NCES Data Crunch Says Homework Helps Test Scores, Not Grades

MANUFACTURED AT HOME: A new research study is challenging the traditional notion that more homework equals better grades. Spearheaded by researchers from Indiana University, the University of Virginia, and the University of Macau, the study analyzed some 18,000 transcripts from high school sophomores and concluded that "there is no consistent significant relationship between time spent on homework and grades, but a consistently positive significant relationship between homework and performance on standardized exams."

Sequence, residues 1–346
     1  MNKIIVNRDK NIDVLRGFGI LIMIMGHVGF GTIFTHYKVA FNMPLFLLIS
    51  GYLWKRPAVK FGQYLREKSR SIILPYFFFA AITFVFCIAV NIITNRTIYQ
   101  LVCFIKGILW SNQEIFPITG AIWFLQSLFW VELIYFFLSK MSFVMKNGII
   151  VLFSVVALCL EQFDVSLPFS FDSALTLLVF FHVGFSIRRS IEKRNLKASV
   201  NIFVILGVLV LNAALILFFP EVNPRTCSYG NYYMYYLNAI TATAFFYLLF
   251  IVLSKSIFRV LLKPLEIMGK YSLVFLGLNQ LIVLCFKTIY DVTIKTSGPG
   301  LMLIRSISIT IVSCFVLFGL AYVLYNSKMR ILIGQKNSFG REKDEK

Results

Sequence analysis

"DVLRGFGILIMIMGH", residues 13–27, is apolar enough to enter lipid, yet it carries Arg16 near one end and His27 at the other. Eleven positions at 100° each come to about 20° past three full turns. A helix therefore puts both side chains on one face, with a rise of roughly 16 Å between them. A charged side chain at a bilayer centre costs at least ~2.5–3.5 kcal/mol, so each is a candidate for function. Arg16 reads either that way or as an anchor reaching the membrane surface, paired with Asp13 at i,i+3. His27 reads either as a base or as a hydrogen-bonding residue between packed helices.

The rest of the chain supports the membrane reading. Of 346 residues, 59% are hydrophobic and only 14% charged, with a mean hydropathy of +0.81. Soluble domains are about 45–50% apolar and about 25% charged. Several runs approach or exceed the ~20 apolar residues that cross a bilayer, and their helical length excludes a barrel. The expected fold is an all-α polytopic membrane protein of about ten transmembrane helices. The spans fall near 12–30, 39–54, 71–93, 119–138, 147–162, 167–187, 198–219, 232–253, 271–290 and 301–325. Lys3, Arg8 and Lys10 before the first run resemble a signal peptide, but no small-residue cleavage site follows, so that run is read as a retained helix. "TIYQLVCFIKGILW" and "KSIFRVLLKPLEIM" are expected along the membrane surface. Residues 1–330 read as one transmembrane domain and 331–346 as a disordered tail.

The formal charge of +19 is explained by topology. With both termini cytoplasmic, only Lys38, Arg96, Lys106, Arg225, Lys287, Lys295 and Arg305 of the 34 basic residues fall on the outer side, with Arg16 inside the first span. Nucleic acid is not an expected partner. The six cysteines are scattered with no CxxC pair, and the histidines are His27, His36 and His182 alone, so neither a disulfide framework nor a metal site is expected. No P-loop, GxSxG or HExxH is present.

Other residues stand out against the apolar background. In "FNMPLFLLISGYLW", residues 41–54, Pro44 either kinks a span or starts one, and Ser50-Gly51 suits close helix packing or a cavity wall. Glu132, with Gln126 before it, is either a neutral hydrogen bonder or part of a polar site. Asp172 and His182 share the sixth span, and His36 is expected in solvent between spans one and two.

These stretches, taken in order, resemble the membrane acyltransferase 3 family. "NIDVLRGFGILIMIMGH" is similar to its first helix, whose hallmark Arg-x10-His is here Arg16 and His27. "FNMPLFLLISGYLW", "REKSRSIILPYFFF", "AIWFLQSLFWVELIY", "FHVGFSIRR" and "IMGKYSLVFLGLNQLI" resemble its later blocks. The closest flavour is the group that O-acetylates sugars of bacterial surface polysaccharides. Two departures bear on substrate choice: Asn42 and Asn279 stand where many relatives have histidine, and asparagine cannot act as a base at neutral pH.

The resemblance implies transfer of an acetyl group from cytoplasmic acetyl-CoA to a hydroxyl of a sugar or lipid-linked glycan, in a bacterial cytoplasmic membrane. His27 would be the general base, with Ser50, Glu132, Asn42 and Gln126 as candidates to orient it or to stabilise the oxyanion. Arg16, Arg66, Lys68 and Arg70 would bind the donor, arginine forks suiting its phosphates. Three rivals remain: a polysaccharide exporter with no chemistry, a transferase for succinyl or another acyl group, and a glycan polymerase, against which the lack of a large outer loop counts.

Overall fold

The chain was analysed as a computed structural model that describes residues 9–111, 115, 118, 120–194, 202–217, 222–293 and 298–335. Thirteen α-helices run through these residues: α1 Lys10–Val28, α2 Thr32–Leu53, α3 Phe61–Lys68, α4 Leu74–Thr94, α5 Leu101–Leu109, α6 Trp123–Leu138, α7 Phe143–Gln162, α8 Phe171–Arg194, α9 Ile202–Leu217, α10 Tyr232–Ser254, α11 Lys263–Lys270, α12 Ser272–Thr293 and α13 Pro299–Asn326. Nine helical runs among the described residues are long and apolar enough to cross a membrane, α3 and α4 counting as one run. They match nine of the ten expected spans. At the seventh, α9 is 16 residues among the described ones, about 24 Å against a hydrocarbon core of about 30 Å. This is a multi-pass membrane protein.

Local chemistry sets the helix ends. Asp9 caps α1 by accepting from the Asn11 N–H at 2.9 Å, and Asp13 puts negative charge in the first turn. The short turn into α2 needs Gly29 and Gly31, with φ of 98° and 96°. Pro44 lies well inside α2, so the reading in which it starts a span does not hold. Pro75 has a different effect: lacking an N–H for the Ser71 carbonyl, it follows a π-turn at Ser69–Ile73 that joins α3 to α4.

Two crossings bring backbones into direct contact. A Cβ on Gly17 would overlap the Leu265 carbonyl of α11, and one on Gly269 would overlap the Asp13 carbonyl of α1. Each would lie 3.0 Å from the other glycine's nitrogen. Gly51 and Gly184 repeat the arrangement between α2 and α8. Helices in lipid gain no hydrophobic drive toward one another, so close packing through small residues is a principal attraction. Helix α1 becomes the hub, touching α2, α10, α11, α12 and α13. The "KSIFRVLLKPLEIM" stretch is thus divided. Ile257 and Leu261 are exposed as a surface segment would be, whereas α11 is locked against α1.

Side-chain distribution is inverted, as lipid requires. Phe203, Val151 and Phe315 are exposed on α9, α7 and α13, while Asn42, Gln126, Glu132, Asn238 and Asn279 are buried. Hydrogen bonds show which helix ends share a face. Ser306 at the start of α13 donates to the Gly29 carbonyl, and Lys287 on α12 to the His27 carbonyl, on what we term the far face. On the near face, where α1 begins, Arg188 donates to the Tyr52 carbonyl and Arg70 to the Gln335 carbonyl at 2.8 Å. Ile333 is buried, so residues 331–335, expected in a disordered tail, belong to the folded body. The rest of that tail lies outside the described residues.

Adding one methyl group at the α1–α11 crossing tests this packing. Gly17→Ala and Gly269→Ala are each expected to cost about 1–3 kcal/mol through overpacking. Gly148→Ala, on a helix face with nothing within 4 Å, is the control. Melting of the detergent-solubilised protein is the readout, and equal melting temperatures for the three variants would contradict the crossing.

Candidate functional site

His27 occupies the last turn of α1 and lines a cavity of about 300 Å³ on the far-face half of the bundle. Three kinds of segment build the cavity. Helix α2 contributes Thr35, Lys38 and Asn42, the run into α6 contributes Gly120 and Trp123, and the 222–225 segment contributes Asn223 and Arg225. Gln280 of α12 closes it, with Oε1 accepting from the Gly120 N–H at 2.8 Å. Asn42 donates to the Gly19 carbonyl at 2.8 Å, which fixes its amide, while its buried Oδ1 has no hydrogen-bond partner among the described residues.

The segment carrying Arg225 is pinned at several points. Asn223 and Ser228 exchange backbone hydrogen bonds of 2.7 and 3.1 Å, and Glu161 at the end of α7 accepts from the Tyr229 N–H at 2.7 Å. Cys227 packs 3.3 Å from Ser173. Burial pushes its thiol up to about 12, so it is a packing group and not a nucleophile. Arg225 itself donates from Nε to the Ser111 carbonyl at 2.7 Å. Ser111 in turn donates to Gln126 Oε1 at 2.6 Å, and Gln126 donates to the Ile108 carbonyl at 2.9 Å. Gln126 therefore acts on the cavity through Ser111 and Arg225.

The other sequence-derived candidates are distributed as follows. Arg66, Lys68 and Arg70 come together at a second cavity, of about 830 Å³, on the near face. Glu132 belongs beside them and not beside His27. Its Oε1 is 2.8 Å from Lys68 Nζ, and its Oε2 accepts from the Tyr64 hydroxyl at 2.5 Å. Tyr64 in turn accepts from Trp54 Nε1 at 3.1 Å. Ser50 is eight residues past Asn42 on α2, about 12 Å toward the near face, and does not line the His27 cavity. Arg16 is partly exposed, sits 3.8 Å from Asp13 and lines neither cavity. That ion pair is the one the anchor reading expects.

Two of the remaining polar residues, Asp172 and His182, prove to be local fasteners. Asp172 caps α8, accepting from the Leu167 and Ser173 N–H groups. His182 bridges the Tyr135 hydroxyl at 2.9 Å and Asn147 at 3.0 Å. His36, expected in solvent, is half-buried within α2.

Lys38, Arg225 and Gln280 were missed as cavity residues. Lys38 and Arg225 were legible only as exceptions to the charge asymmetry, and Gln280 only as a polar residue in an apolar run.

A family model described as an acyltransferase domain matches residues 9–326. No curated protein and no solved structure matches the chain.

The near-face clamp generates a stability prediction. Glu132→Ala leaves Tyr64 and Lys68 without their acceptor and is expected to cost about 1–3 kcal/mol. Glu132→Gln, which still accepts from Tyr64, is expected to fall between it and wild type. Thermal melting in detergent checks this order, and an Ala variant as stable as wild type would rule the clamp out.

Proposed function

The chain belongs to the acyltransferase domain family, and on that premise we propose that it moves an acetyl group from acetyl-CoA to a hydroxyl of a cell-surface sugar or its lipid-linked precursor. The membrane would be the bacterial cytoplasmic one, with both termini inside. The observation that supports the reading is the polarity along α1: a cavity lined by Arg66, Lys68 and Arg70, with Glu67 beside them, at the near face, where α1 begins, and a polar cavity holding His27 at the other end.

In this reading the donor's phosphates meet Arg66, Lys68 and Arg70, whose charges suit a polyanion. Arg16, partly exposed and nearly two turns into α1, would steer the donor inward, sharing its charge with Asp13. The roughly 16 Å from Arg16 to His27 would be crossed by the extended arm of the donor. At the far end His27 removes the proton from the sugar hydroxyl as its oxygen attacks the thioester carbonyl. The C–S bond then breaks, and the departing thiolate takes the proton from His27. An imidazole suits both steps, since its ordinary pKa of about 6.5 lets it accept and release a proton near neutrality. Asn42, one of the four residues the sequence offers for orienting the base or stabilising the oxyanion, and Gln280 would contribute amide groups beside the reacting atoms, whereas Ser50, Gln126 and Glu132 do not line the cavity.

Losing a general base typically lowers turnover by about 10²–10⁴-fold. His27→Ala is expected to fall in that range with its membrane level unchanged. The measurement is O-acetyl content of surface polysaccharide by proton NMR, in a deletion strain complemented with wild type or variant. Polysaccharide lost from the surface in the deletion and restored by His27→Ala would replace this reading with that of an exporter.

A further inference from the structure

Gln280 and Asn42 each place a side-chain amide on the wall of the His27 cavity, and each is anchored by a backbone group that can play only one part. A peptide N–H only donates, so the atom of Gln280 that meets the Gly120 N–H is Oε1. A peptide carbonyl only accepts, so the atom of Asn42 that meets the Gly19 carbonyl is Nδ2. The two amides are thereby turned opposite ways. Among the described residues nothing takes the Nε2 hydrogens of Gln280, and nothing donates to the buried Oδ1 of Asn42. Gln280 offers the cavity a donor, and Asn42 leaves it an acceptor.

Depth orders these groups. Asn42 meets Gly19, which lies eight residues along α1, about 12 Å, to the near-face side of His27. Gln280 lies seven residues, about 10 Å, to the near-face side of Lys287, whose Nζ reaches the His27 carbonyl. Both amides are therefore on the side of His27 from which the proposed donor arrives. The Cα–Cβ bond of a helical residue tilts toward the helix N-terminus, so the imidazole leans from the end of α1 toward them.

The study seems to be an indictment on the quality of homework more so than the quantity -- unless of course you agree that standardized exams are the way forward. One of the study's co-authors, Adam Maltese, thinks homework could be a little more efficient. "In science, maybe the students should write concept summaries instead of just reading a chapter and answering the questions at the end,” he says. But that's not to say that reading won't do a brain very good

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